Erythroxylaceae (including coca). The TAs are found in all parts of the plants and are responsible for

    the toxic effects of some of these plants. TAs contain an azabicyclo[3.2.1]octane ring structure. The

    common structural element is the tropane skeleton, (1R,5S)-8-methyl-8-azabicyclo[3.2.1]octane. The

    group of TAs comprises more than 200 compounds and the wide range of compounds occurring

    especially in the Solanaceae family arises from the esterification of tropine with a variety of acids, such

    as acetic acid, propanoic acid, isobutyric acid, isovaleric acid, 2-methylbutyric acid, tiglic acid,

    (+)-α-hydroxy-β-phenylpropionic acid, tropic acid, and atropic acid.

    Although more than 200 different TAs were so far identified in various plants, respective data on their

    occurrence in food and feed and on toxicity are limited. The most studied TAs are (-)-hyoscyamine and

    (-)-scopolamine, which in contrast to the (+)-enantiomers are formed naturally. The racemic mixture of

    (-)-hyoscyamine and (+)-hyoscyamine is called atropine. Cocaine is also a prominent member of the

    group of TAs. However, since almost no data are available concerning the occurrence of cocaine in food

    and feed, it was not further considered in this opinion. Besides data on toxicity, some information on

    occurrence in feed and food were only available for (-)-hyoscyamine and (-)-scopolamine. Therefore,

    the CONTAM Panel could only perform a risk assessment on these compounds.

    Plant extracts containing TAs have been used for centuries in human medicine and are still used, as are

    atropine, (-)-hyoscyamine and (-)-scopolamine. These uses include for example the treatment of

    wounds, gout and sleeplessness, and pre-anaesthesia. Furthermore, extracts from deadly nightshade

    (Atropa belladonna) were used to dilate pupils for cosmetic reasons and to facilitate ophthalmological

    examination. The genus Datura is long known for its content of TAs. In India, the root and leaves of

    Datura stramonium, commonly called thorn apple or Jimson weed, were burned and the smoke inhaled

    to treat asthma. This plant is widely distributed in temperate and tropical regions of the world. For this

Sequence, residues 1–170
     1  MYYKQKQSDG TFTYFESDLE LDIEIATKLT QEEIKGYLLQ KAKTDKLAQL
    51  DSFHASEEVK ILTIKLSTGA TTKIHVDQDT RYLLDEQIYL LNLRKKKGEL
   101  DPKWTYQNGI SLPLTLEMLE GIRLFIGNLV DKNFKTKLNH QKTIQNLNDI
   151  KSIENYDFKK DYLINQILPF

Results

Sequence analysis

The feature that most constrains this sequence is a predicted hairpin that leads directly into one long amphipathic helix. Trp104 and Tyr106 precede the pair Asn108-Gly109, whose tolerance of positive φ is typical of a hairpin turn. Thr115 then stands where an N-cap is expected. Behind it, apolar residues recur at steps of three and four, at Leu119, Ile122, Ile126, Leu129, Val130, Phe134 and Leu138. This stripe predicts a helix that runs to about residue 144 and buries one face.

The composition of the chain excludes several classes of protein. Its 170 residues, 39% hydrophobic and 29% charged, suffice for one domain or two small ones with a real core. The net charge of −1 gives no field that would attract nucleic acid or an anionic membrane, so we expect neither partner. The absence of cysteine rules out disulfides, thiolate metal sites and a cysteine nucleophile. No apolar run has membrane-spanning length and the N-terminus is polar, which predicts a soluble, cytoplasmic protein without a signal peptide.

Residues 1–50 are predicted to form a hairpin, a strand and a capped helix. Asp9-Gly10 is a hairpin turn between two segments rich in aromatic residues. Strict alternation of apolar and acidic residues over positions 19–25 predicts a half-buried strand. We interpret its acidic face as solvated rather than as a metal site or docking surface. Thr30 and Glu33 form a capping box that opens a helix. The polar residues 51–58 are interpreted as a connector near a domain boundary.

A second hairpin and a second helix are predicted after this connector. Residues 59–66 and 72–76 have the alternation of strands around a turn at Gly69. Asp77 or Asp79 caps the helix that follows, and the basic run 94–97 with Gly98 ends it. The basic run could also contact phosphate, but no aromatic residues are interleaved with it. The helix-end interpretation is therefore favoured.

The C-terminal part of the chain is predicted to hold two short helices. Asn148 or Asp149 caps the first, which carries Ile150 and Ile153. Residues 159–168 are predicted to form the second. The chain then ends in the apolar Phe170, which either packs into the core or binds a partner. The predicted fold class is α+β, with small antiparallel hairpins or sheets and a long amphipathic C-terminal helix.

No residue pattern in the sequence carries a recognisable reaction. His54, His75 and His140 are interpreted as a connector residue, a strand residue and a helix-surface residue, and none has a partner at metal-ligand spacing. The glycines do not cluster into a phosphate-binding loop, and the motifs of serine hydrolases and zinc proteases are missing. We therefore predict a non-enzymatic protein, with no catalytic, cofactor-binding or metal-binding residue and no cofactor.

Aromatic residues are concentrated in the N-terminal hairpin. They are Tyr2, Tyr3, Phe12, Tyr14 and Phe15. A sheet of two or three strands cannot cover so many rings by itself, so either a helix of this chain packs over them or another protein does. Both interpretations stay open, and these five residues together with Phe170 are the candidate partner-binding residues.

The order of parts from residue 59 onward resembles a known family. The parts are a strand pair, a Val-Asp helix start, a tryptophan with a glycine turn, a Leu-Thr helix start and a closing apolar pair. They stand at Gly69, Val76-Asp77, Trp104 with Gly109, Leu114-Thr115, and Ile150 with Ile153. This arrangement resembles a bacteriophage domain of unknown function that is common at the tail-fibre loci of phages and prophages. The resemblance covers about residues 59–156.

reason, seeds of this plant have been found as impurities in important agricultural crops such as linseed,

    soybean, millet, sunflower and buckwheat and products thereof. The consumption of a few berries from

    henbane (Hyoscyamus niger) or from Atropa belladonna has caused severe intoxication, including

    deaths in young children.

    Atropine/(-)-hyoscyamine and (-)-scopolamine are readily absorbed from the gastrointestinal tract,

    quickly and extensively distributed into tissues, and excreted predominantly in the urine.

    N-demethylation and Phase II conjugation of atropine, (-)-hyoscyamine and (-)-scopolamine are known

    metabolic pathways in humans. The toxicological effects of (-)-hyoscyamine and (-)-scopolamine relate

    to their pharmacological effects, which are mediated by inhibition of muscarinic acetylcholine receptors

    in the central nervous system (CNS) and the autonomic nervous system (ANS). Inhibition of these

    receptors in the ANS results in decreased secretions from the salivary, bronchial and sweat glands,

    dilation of the pupils, paralysis of accommodation, change in heart rate, inhibition of micturition,

    reduction in gastrointestinal tone and inhibition of gastric acid secretion. (-)-Hyoscyamine and

    (-)-scopolamine differ in their ability to affect the CNS, with (-)-scopolamine having more prominent

    depressing central effects at therapeutic doses. The pharmacological effects of (-)-hyoscyamine and

    (-)-scopolamine occur within a short time after administration, and therefore the CONTAM Panel

    concluded that it was appropriate to establish an Acute Reference Dose (ARfD) for these substances.

    Since they are not bioaccumulative, or genotoxic and do not exhibit chronic toxicity, the ARfD would

    also protect against effects of long-term exposure. Due to the common mode of action through receptor

    interaction, the CONTAM Panel considered it appropriate to establish a group ARfD for

    (-)-hyoscyamine and (-)-scopolamine assuming equivalent potency.

  • Tropane alkaloids in food and feed

    EFSA Journal 2013;11(10):3386 3

    From the results of a study in which human volunteers were given a relevant mixture of

    (-)-hyoscyamine and (-)-scopolamine in food, the CONTAM Panel identified a no–observed-adverse-

    effect level (NOAEL) of 0.16 µg/kg body weight (b.w.), expressed as the sum of (-)-hyoscyamine and

    (-)-scopolamine as the basis for establishing a group ARfD. The Panel noted that the next higher dose in

    the human volunteer study